What's next for mainframe security?
- By Ray Overby
- Jan 18, 2019
Of all the industries that I’ve worked with to provide mainframe security support, government is often the one most vulnerable to cyberattacks.
Part of the problem is that government systems are aging rapidly. It’s probably not news that government IT systems are old and in need of modernization. But, it’s also a growing security risk.
While agencies are making strides to modernize their systems and open access to government data for public use, they aren’t paying close attention to the hidden risks that can lead to data exposure -- threats like bad code in mainframe operating system software.
That should be seriously concerning to everyone. A breach of any government IT system could expose personal information of agency workers and U.S. residents, or spell disaster more broadly.
So, what's on the horizon for government cybersecurity and mainframe security? Here are a couple of trends we’re keeping an eye on as we move into the New Year.
1. Access to government data via unsecure apps introduces risk.
In the interest of offering a wider and more-modern range of public services to their constituents, agencies are exposing more data stored in government mainframes to people through the cloud and mobile apps. That’s great for users, but not great for security if proper steps aren’t taken to protect the data.
The ability to access tax returns or Social Security information from a phone is a strong draw even though, most of the time, there hasn’t been enough work done to protect that information as it travels through the cloud to the phone. Some of these mobile apps are also archaic in terms of design and security -- it’s like taking a mainframe interface and popping it onto a web application.
Is it the government’s job to make sure that the apps on phones are secure? Not necessarily, as agencies’ main responsibility is to meet compliance requirements to ensure that environments with integrity exist to store sensitive data. But, to date, there’s not much advocacy for better IT security standards for the apps that access and expose government data. That must change this year.
2. Excessive access issues will open the mainframe to massive risk.
There’s a pervasive lack of integrity when it comes to the cloud and other platforms that are hard to secure. Government agencies are increasingly moving secure data onto cloud solutions, a recent trend that brings new risks. Organizations that rely on cloud-based platforms can unknowingly create an easy path to their mainframe and other data sources because they aren’t dealing with the excessive access issues they have. The more people that have unnecessary access to mainframe data, the greater the risk.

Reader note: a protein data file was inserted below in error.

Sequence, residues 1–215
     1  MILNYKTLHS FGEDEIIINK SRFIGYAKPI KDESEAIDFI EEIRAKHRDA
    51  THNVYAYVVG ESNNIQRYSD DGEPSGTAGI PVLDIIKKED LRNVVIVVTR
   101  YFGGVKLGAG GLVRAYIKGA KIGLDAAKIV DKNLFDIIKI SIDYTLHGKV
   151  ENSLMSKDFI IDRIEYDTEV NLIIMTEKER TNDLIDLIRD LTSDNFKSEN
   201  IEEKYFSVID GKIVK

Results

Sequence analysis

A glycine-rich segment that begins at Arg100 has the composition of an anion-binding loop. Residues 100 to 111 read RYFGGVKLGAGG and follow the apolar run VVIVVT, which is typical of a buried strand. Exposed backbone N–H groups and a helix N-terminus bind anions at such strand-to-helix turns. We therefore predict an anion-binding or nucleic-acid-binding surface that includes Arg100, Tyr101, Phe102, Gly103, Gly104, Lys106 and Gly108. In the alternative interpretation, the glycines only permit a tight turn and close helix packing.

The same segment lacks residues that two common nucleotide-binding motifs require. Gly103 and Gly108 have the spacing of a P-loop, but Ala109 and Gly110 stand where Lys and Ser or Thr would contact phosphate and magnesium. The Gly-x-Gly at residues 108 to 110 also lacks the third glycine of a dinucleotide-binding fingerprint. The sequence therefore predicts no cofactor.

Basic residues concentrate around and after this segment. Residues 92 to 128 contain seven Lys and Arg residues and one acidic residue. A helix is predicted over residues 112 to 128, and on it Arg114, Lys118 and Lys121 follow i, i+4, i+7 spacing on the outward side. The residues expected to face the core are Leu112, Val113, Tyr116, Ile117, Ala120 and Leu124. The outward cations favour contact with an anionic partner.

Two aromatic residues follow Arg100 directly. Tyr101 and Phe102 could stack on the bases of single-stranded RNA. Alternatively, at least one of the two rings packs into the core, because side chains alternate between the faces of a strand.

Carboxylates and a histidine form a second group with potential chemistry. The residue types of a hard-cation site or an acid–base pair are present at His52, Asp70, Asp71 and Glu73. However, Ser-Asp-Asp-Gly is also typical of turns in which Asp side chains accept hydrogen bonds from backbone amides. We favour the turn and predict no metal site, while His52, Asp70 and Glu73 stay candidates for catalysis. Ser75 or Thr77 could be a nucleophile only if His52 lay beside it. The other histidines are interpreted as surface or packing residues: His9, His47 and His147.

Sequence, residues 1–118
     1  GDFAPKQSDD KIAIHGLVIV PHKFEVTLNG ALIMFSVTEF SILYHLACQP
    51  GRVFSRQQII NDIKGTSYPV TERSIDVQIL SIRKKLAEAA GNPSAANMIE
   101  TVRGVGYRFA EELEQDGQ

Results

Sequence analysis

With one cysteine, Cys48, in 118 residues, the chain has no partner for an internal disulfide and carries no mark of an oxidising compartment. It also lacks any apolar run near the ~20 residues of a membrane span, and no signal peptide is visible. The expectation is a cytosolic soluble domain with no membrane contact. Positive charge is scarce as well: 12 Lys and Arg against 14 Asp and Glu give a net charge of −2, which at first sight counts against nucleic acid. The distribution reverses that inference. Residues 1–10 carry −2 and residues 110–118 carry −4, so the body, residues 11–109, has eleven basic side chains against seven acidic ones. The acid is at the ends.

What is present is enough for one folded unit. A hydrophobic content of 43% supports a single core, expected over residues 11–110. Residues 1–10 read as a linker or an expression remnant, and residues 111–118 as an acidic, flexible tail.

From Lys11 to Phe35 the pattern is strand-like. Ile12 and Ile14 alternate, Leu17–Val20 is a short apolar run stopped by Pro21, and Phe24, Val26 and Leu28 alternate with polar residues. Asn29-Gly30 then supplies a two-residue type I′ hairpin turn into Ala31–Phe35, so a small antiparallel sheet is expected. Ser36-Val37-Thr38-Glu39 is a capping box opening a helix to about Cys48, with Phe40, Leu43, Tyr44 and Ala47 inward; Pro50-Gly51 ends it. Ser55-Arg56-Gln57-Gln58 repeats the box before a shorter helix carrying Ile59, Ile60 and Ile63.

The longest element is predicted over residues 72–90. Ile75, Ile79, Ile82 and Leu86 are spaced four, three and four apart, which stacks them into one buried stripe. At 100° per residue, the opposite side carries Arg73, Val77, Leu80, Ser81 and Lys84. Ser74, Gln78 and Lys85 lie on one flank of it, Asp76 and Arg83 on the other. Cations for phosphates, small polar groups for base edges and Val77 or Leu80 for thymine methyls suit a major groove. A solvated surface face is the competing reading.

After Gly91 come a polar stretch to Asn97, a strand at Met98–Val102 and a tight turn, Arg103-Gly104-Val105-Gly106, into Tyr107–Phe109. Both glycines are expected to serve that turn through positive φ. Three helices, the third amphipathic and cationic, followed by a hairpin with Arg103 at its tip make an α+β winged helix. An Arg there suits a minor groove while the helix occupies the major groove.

Between 2016 and 2018, the number of cloud data breaches increased almost 300 percent, and this will only get worse in the coming years. It’s important to remember that agencies can’t have security without integrity, and government is currently struggling with both.
3. Ignorance will continue to be the biggest threat to mainframe security.
There’s a culture of complacency around mainframe security. Many government organizations are lulled into a false sense of security when it comes to their mainframes. They may believe that since the mainframe is known as the most securable platform, it doesn’t require as much security attention as the network or open systems. The thing is, the mainframe really must be treated like any other platform when it comes to security.
Still others deny that fundamental security issues -- like the type of vulnerabilities that crop up when poorly written code is introduced into mainframe operating systems -- even exist. They believe that authentication management or configuration compliance is enough to keep the mainframe secure. The unfortunate truth is that a single code-based vulnerability could bring an entire organization to its knees, exposing massive amounts of personally identifiable information and creating a bureaucratic nightmare in the process. These vulnerabilities will continue to threaten data security in 2019.
4. The mainframe industry will become more entrenched in the conspiracy of silence.
Part of the challenge when it comes to finding and fixing vulnerabilities is that mainframe vendors don’t want to talk about vulnerabilities in their products. Some go as far as pushing back when threats are brought to their attention, and they certainly don’t publicize their risks. To add to the complexity, companies that rely on mainframes also don’t publicize if they’ve been hacked, so it’s difficult to share information and determine the extent of mainframe exposure. That’s what I like to call the conspiracy of silence.
In the past, those vendors have defended their tight-lipped approach to recording mainframe vulnerabilities by saying it’s “what the customers want.” Now, to justify continuing to conceal these vulnerabilities, they’re saying the industry is too niche to warrant any public, organized vulnerability reporting. This will hurt everyone in the long run, making it even more challenging for government organizations to locate and patch vulnerabilities in their mainframe systems.
Government also has the power to enact some changes that could help secure the mainframe environment, from modernizing its own vulnerability management processes, to setting up watchdogs that would advocate for vulnerability disclosure throughout the industry.
Ray Overby is a co-founder and president of Key Resources Inc.